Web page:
We are thrilled to announce that we joined the Free Expression Legal Network. Supporting journalists and nonprofit news organizations has always been an important part of our work. Journalists face many of the same intellectual property, privacy, and media law issues that challenge other creatives and entrepreneurs.
The Free Expression Legal Network is a nationwide coalition of school clinics, academics, and practitioners focused on promoting and protecting free speech, free press, and the free flow of information to an informed and engaged citizenry. The creation of the network was led by the Reporter's Committee for the Free Press and Yale Freedom & Information Access Clinic. Members work on media law, transparency, and/or access issues, either as their primary focus or as it intersects with their work on other issues. READ MORE
New Media Rights responds to over 500 requests for legal services every year, and over two thirds of these involve copyright law. Copyright law protects the work of these creators, but it also controls how the existing culture around us can be reused and commented upon. That’s why it’s our mission to make sure that copyright related legal services are available to all regardless of ability to pay. This way we can assist creators who are facing unfair copyright takedowns from people who want to troll or bully them, and we can also work with artists whose rights have been infringed to get justice responsibility and without overreaching in their claims. Read more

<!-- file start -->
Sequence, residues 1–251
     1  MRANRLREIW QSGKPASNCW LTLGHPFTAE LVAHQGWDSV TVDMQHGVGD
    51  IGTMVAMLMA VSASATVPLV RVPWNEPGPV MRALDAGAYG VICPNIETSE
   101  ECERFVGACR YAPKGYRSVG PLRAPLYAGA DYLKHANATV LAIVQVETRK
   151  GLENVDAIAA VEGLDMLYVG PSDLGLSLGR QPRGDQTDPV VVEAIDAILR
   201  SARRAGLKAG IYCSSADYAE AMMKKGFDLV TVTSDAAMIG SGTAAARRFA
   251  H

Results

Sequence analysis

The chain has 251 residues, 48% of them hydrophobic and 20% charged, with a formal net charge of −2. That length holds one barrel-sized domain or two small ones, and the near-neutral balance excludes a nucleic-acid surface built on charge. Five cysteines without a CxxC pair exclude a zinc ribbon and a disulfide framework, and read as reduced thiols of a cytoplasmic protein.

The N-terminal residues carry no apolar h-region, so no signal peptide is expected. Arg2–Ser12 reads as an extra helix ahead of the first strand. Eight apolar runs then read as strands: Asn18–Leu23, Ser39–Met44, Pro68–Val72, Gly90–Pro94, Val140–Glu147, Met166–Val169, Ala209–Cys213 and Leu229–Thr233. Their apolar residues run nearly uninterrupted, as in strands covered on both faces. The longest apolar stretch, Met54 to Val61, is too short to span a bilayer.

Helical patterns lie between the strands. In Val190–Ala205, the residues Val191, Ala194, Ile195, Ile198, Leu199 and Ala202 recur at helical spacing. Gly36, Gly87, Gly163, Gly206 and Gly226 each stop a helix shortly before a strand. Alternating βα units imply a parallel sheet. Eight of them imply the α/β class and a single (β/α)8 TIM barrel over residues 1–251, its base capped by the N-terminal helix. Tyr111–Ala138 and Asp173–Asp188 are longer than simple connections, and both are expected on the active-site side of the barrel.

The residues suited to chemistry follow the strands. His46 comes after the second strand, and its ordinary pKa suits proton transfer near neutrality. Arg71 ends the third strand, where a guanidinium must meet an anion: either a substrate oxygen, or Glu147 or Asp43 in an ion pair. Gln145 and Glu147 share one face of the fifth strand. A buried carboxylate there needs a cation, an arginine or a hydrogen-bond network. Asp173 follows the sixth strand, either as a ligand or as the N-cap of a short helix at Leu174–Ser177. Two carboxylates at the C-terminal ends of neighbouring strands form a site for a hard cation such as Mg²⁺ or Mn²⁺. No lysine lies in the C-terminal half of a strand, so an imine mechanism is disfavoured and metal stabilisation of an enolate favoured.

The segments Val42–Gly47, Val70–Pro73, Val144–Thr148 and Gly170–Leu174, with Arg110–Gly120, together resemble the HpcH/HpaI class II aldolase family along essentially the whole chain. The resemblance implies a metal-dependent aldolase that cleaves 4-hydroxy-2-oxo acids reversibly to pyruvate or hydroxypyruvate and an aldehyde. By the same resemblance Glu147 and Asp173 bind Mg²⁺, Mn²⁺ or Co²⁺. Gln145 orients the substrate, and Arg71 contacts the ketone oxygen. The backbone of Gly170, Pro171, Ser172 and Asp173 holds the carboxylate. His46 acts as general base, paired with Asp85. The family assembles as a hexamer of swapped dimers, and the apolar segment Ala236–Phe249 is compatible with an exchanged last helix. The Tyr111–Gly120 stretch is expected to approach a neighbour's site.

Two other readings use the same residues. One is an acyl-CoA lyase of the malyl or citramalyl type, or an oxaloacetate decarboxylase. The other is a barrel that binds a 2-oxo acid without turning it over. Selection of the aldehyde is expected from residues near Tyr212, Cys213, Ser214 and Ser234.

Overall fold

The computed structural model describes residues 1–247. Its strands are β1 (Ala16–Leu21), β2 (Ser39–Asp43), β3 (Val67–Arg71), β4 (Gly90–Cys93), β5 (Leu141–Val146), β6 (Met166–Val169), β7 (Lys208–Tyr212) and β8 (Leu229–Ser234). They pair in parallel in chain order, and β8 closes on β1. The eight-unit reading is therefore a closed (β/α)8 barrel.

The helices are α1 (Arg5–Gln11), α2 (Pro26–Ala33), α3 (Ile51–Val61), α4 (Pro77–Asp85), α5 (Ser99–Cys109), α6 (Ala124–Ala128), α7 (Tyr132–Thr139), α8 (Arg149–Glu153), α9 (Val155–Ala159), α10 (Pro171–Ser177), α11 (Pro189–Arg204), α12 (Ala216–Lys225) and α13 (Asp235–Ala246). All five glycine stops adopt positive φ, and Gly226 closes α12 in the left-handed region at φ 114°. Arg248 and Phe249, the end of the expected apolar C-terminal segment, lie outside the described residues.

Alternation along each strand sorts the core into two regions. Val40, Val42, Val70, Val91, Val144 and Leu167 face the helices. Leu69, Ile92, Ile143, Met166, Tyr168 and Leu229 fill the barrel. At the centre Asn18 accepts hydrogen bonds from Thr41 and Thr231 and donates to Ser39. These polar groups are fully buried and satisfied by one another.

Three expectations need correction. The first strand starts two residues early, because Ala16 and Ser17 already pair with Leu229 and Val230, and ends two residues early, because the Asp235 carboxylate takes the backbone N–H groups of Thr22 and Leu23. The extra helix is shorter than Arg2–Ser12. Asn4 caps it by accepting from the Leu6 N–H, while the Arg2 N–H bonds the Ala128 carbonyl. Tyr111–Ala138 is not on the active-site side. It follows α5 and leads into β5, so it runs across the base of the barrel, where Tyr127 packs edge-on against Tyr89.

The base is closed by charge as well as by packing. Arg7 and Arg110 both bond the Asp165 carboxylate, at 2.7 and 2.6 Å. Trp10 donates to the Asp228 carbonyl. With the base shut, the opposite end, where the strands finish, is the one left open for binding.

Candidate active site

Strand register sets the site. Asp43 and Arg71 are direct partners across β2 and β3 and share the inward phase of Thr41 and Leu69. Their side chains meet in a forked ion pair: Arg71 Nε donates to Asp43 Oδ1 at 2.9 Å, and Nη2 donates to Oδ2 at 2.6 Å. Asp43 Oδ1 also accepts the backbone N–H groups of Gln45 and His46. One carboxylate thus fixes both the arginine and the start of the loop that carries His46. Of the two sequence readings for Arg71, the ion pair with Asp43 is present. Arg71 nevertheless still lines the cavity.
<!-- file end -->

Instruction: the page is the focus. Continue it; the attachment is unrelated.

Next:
If you haven’t become a Supporter, we need your support more than ever this year. Please consider joining our community of supporters by making a donation and help us continue to fulfill our mission to:
Provide free and dramatically reduced fee one-to-one legal services to underserved creators and innovators that need specialized help with Internet, intellectual property, media, and technology law
Defend the Open Internet and push for badly needed copyright reform.
Create high quality legal educational materials and to educate the next generation of lawyers.
On June 11, 2018, New Media Rights joined the Electronic Frontier Foundation and the Organization for Transformative Works in filing a response to questions that the Copyright Office posed after the §1201 Anti-Circumvention hearings in April.
The Copyright Office inquired as to whether screen capture is an alternative to circumvention for educational uses of short film clips outside of the context of film studies courses. Our joint response reinforces our position that screen capture is not a sufficient alternative to circumvention for fair use of short clips of video.
Executive Director Art Neill and New Media Rights Fellow Erika Lee will discuss the basics of intellectual property at the San Diego City College on Tuesday, May 1 at 6pm! Come join us! The event is free and open to the public.
It's Fair Use Week 2018 this week, but every week is Fair Use Week for New Media Rights, because everyday we fight for artists and innovators against legal bullies who don’t respect fair use.
Fair use is the vehicle millions of individuals use to exercise their freedom of expression every day. That's why this week, we'll be highlighting why fair use is important to creators and what New Media Rights is doing and has done to support it.